Although animal-slaughtering scenes don’t occur until the end of the film, Fast Food Nation is not a movie that will whet your appetite. Indeed, from the mention of feces-contaminated hamburger in the opening scenes to the depiction of an undocumented worker losing his leg in the meat-processing plant, the film causes viewers to ask if they want to participate in any way in this “machine” that seems to have taken control of America’s eating habits.

Debi Anderson: Well, I guess it is a marketing issue. If the kids die from eating your burgers, it makes them much harder to sell.
Don Anderson: Marketing 101. Don’t kill the customer. Bad for repeat business.

Rudy Martin: By the way, Don, you seem like a nice fella. But the food your company sells is crap—total crap—even when there isn’t manure in it.

Harry Rydell: It is a sad fact of life, Don. But the truth is … we all have to eat a little shit from time to time.

Remarkable Facts
Americans spend more than $140 billion annually at fast food “restaurants”; the U.S. fast-food market is the world’s largest, with China’s second. The average American spends more than $20,000 on fast food in a lifetime; about 25 percent of Americans visit a fast-food restaurant every day. The 3.5 million fast-food workers in the United States represent the largest group of minimum-wage earners.

Released November 17, 2006
Starring Greg Kinnear as Don Anderson, Bruce Willis as Harry Rydell, Ethan Hawke as Pete, Patricia Arquette as Cindy, Kris Kristofferson as Rudy Martin, Bobby Cannavale as Mike, Luis Guzmán as Benny, Ashley Johnson as Amber, Paul Dano as Brian, Catalina Sandino Moreno as Sylvia, Ana Claudia Talancón as Coco, Wilmer Valderrama as Raul, and Avril Lavigne as Alice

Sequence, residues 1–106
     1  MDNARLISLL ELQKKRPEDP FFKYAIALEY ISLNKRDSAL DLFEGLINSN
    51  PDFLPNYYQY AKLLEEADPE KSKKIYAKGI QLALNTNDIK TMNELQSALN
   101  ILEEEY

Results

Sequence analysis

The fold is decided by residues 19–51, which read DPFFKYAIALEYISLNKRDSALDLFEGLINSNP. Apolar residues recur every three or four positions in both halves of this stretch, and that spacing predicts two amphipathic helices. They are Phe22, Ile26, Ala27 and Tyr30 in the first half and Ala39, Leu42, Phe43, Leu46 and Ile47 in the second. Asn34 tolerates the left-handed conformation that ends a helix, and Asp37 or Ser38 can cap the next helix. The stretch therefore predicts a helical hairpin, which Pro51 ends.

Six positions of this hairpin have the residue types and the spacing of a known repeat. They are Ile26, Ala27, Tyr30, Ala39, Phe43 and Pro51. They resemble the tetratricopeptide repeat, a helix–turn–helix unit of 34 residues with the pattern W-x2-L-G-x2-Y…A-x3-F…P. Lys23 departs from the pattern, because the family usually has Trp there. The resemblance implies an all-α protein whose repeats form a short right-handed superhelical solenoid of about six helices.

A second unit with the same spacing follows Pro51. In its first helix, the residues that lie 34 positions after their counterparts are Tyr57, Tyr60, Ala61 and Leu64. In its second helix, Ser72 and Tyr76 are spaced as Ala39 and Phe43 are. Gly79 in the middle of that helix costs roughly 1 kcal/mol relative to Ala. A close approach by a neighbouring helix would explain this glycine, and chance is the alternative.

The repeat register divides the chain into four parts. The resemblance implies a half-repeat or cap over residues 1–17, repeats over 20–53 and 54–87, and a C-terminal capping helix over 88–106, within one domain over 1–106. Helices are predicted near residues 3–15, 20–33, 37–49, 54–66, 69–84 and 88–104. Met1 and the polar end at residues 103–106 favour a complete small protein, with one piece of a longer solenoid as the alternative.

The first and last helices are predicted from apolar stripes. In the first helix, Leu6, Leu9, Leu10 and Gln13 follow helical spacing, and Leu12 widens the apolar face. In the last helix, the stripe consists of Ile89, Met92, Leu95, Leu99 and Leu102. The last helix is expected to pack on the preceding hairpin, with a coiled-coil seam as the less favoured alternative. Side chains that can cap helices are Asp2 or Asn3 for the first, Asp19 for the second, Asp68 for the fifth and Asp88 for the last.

Directed by Richard Linklater
Written by Eric Schlosser and Richard Linklater, based on the book Fast Food Nation: The Dark Side of the All-American Meal by Eric Schlosser

Monday, September 8, 2008

More Recipes from "Titanic"

As we continue to prepare dishes from the films we've selected, we find that certain meals take much longer than we might have anticipated, and sometimes we just run out of steam and have to finish up another night. This is what happened with our preparation of the famous meal from Titanic, the blockbuster film starring Leonardo DiCaprio and Kate Winslet. So here are some additional selections from that dinner.

The first is Sirloin of Beef, delectable and buttery, prepared with shallots and mushrooms:

Next is Cold Asparagus Vinaigrette, a quite refreshing dish because it is served chilled:

Finally, Chocolate and Vanilla Eclairs. This is a recipe that took us three tries to perfect: the pastry has to be light yet strong, the filling must be smooth yet substantial, and the chocolate sauce must be thick yet spreadable. As chefs, we have to remember that "presentation" is perhaps just as important as taste (but these eclairs are really yummy too!).